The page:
Meanwhile, the overwhelming trend for the marines is to shoot everything. I mean EVERYTHING. I get the feeling that the odds are stacked in the marines favour (although that might just be that as a team of vicious extraterrestrials we didn’t work very well together). The aliens are fragile and easily killed. While the soldiers are tougher than a cold Maoam. Sticking together makes them pretty unstoppable, especially when they get their hands on the big guns to be found throughout the map. The portable turret, for example, can be set up outside the alien spawning ground and shred the whole team to bits before they even get out of their slimy xenohole. And the Smart Gun. Jesus. It’s that gun from the movie. It does all the aiming for you and fires approximately 25 million bullets per second. Pick up the Smart Gun as a marine and the Hunter – I mean Lurker – becomes the hunted – shit, I mean lurked. LURKED. I picked up this gun once and I instantly murdered three of the four-strong xeno team in less than thirty seconds. And I’m a peaceable guy. I like aliens.
But I think I’ve figured out the main design difference that makes Colonial Marines that much less inviting than its Valveian inspiration. The big mistake.
None of the aliens smoke.
In the original Left 4 Dead, the Smoker is there to screw with the one thing that keeps the human team alive: their togetherness. He’s the only regular class of zombie who can displace a player. He literally rips them from the rest of team. He’s vulnerable, everyone hates being him, but he’s ludicrously important. The Tank can also displace someone, but to a far lesser extent because of his infrequency on the field. In Colonial Marines, you have a ‘Tank’ xenomorph – but he’s even more infrequent. More importantly, there’s no alien class to substitute the Smoker, one that could forcibly separate (or threaten to separate) the team. There are also no ‘lesser’ enemies to keep the marines twitchy. And as an alien you can’t choose where to spawn – so to get to a group of marines you have to gallop across the map, again and again, further and further after every putdown. It all results in a fairly lop-sided affair. Playing as a marine is fun. Playing as a xeno? Less so.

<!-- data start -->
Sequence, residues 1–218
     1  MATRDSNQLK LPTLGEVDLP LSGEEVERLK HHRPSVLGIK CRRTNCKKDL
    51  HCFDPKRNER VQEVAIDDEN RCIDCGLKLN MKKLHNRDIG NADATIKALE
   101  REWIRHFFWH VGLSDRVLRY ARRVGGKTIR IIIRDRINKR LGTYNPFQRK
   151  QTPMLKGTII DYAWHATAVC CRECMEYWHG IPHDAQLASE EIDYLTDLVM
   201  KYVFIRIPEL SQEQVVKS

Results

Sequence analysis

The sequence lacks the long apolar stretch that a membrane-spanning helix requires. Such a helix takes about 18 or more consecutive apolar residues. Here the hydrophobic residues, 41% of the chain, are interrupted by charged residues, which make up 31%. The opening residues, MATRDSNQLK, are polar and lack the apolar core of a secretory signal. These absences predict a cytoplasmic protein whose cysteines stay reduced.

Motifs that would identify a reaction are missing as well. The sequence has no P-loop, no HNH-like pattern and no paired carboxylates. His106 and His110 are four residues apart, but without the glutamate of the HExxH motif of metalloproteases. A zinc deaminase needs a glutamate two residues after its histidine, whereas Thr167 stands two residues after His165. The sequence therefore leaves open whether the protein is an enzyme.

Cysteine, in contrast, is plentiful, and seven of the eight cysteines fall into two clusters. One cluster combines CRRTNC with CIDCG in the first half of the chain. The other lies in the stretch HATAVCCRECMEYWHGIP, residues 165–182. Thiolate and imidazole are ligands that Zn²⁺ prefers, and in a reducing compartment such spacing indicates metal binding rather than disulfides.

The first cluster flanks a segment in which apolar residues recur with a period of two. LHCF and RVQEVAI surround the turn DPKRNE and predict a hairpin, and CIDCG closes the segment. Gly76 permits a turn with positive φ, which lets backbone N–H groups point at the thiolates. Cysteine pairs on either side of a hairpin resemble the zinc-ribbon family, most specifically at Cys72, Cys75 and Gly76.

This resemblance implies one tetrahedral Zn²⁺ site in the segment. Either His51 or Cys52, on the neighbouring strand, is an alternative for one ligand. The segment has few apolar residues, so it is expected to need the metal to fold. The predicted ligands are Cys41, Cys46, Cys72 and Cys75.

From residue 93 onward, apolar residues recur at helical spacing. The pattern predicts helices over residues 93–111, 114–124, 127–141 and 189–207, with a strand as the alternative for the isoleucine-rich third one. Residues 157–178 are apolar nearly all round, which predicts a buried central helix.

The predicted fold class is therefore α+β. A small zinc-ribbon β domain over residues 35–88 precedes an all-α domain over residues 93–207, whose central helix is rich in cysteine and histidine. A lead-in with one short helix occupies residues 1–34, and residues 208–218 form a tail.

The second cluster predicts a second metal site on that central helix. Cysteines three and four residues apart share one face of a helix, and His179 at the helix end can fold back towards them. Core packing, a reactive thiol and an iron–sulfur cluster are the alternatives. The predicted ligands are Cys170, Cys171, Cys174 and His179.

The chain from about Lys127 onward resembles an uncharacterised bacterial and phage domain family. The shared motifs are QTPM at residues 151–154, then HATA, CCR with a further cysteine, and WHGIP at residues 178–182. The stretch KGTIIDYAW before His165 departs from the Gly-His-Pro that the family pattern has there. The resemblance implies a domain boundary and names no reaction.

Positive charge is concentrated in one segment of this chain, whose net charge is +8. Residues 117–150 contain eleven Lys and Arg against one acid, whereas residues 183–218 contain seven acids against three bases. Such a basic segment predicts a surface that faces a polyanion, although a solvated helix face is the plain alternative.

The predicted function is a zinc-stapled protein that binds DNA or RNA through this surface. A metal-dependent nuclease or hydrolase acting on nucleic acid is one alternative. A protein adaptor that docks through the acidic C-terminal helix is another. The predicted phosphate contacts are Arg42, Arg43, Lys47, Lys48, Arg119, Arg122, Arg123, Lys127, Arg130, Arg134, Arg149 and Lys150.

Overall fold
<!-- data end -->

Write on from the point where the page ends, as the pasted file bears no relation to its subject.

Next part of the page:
Of course, we are told that being an Alien is purposefully hard. The idea is to stalk and prowl around the gunmen, to lurch at them when they are vulnerable. To use the environment to creep around. Sadly, the environment is almost as annoying an enemy as these walking shellfish men. I mean, as cool as it is to walk on walls, getting stuck on a simple corner that the map designer never intended you to traverse, or glitchily leaping halfway across the map instead of pouncing on your quarry, isn’t really very Aliens. It might get more fun with time and patience. Getting more practice as a xeno could give a good team a lot more kicks. But how many more kicks? We just don’t know.
Admittedly, I also don’t know how much Gearbox and Sega are pushing the multiplayer component as a selling point to the six-years-in-the-making Aliens: Colonial Marines (longer if you count the abandoned PlayStation 2 game of the same title, left behind by another company). It could be that the single-player or co-op campaign is the focus. But that’s barely relevant. As we all know, the videogame industry is ruled by bromocracy and competitive multiplayer must be analysed in its own sphere. It is the way things have been done for generations. And after a brief analysis of the multiplayer of Aliens: Colonial Marines I can tell you, with a most serious authority, that, yes, it is like Left 4 Dead.
We’ll have a full Wot I Think of Aliens later this week.